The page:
Common Bacterial Skin Infections

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Common Skin Infections

Normal Skin Bacteria

Skin is the body’s primary barrier against a variety of problems. One of the most important functions of skin is protection from bacteria. Bacteria and other microorganisms that cause disease are ubiquitous in the environment, but although the skin is colonized with bacteria, these pathogens usually don’t cause problems unless there is a break in the barrier or a problem with your immune system. In fact, normal skin bacteria, known as the skin microbiota, create a balanced environment and host specialized immune cells that help your body fight disease-causing microbes.

Several studies have demonstrated the importance of skin bacteria to the immune system. Changes in the balance of bacteria on the skin may influence your likelihood of acquiring an inflammatory skin disorder. The presence of normal skin bacteria may also prevent dangerous organisms from colonizing your skin by secreting chemicals or by competing for nutrition. When you have a cut or break in the skin, however, these bacteria may invade the tissues underneath the skin or enter the blood stream to cause infection.


Cellulitis is a very common bacterial infection usually caused by Streptococcus or Staphylococcus, common skin bacteria. It occurs when bacteria enter a break in the skin and spread throughout the skin and soft tissues underneath the skin surface. Bacteria can invade an ulceration or a surgical wound, in addition to spreading through an entrance in an abrasion or cut. Some people have cellulitis that develops in an area of chronic leg swelling. Diabetics are particularly at risk, as are people with any condition that suppresses the immune system. Your skin will appear red and you may experience swelling, with warmth and tenderness over the area of infection. If the infection spreads, you may have fever and chills or swollen lymph nodes. Cellulitis is not a contagious skin infection. It’s treated with oral antibiotics or intravenous antibiotics, depending upon the severity and the state of your immune system. It’s important to see a doctor if you think you may have cellulitis, because serious complications, including sepsis, may develop without treatment.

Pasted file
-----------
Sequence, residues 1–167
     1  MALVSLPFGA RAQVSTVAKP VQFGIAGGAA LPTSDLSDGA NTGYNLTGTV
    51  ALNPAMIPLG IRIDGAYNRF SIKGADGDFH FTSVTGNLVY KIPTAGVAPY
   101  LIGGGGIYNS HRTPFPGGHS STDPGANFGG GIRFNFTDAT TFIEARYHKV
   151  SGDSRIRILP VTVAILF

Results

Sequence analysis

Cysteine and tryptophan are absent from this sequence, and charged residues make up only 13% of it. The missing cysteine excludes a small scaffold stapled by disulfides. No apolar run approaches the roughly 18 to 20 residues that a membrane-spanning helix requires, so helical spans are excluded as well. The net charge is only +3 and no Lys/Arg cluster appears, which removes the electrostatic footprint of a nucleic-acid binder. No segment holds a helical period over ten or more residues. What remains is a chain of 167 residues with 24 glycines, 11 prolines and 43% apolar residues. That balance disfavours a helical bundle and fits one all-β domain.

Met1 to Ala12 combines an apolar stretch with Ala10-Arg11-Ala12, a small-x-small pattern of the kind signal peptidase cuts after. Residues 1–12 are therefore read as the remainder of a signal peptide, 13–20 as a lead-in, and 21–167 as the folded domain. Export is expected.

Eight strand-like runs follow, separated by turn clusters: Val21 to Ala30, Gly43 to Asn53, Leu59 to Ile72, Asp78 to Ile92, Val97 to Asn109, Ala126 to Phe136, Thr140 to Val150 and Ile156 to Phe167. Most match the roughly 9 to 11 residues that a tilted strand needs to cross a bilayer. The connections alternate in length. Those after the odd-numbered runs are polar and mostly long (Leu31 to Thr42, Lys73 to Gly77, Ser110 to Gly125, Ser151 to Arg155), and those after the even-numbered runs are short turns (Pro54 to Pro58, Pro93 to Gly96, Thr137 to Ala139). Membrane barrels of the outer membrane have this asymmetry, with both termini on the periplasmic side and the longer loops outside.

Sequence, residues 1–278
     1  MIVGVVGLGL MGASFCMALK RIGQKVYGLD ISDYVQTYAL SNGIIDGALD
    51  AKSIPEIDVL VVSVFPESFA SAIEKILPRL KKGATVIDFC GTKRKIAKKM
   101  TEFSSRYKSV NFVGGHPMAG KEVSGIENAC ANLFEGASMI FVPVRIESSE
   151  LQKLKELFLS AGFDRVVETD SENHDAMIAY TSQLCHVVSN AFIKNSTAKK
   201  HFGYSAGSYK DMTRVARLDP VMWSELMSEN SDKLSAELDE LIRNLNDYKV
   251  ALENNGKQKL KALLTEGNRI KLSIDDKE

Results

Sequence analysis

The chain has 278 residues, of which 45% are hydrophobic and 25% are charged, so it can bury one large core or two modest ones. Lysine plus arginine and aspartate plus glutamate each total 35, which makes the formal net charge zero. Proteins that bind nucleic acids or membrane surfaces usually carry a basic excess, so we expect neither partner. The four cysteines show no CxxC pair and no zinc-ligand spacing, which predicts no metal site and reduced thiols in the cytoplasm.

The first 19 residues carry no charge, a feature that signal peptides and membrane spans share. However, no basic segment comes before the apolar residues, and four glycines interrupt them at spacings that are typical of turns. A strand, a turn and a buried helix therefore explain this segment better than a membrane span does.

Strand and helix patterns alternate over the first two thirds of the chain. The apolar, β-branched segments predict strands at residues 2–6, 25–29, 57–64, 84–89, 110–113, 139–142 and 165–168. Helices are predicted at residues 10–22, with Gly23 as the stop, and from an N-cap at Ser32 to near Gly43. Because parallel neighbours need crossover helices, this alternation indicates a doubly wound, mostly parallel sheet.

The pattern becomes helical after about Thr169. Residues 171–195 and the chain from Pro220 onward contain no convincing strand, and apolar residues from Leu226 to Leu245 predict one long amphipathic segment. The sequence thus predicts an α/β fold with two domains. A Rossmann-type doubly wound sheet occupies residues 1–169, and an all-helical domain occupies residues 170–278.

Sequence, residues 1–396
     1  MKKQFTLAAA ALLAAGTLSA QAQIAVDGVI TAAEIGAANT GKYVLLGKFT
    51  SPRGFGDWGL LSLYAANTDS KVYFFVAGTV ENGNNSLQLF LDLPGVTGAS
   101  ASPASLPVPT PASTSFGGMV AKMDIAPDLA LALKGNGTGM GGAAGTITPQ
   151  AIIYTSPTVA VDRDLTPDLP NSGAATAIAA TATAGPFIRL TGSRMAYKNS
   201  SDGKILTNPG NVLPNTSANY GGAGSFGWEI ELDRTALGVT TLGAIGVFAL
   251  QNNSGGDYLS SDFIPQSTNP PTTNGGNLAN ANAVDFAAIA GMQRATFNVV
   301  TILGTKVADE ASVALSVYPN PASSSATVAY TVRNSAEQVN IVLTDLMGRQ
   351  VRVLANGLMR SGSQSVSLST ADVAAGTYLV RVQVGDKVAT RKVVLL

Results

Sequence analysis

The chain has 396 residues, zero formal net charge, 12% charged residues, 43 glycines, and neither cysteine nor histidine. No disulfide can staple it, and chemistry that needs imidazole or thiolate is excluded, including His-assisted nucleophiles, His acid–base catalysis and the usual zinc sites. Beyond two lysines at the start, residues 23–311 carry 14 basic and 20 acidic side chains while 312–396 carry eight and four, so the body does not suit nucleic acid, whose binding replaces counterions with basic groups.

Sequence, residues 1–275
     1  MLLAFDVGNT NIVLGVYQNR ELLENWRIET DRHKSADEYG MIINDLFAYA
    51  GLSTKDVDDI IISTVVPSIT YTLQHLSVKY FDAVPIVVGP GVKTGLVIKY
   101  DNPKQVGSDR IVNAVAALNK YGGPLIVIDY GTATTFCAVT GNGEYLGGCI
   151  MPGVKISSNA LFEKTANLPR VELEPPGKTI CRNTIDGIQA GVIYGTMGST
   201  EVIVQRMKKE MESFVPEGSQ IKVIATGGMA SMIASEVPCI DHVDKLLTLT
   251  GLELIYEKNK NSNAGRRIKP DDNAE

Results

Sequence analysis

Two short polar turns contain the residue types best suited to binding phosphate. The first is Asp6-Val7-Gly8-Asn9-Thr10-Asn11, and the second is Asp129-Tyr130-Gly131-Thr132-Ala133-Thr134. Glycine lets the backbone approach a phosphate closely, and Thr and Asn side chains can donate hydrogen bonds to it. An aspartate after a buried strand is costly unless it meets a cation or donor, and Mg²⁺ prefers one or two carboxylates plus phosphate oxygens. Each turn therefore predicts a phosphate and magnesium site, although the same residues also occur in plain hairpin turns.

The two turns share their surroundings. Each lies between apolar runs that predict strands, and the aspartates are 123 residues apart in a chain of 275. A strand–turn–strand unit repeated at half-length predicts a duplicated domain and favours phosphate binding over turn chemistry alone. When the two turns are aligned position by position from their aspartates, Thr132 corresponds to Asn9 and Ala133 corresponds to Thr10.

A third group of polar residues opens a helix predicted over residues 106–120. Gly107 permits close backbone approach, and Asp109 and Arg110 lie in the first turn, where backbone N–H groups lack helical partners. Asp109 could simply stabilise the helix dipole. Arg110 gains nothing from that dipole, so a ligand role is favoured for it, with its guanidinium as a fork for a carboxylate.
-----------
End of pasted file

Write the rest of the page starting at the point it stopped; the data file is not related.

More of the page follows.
A boil is an abscess in the skin that typically begins as an infection of a hair follicle or a sebaceous (oil-producing) gland in the skin. Initially, the skin in the infected area becomes red and a tender lump will develop. Eventually, pus forms from collected bacteria, white blood cells, and protein. The lump beneath the skin becomes tender and forms a white head in the center. This may drain spontaneously, but it is frequently necessary to have a doctor pierce the boil for drainage in order to treat the infection.


Impetigo is a very contagious bacterial infection of the skin that may occur anywhere on the body. It typically appears in exposed areas, beginning as tiny blisters that are arranged in plaques the size of coins. Children frequently get impetigo infections around the mouth and nose. As the blisters break, the red, moist skin underneath can be seen. Impetigo is characterized by formation of a golden crust that spreads at the edges of the infected area. If the bacteria invade the deeper layers of skin, you may develop small bumps that are filled with pus, leading to formation of a dark, thick crust. This form of impetigo is known as ecthyma. It may be itchy, but it spreads with scratching. If impetigo is not treated, it can become severe and may cause permanent discoloration or scarring. A serious complication of impetigo is severe kidney disease that can lead to kidney failure.

Bacterial Skin Infections Can Be Serious

If you have developed redness, tenderness, or pus in an area associated with a cut, puncture wound, surgical incision, or in an area with poor blood flow, it’s important to see your doctor before complications develop. Call our office today for an appointment at one of our convenient locations in Encino, Glendale, or Beverly Hills. Skin infections should be treated appropriately early in their course to prevent a host of potential problems.

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  1. Winnifred Bernice  August 28, 2019

    I do have a skin problem but I don’t know what to call it. I need some assistance with this matter


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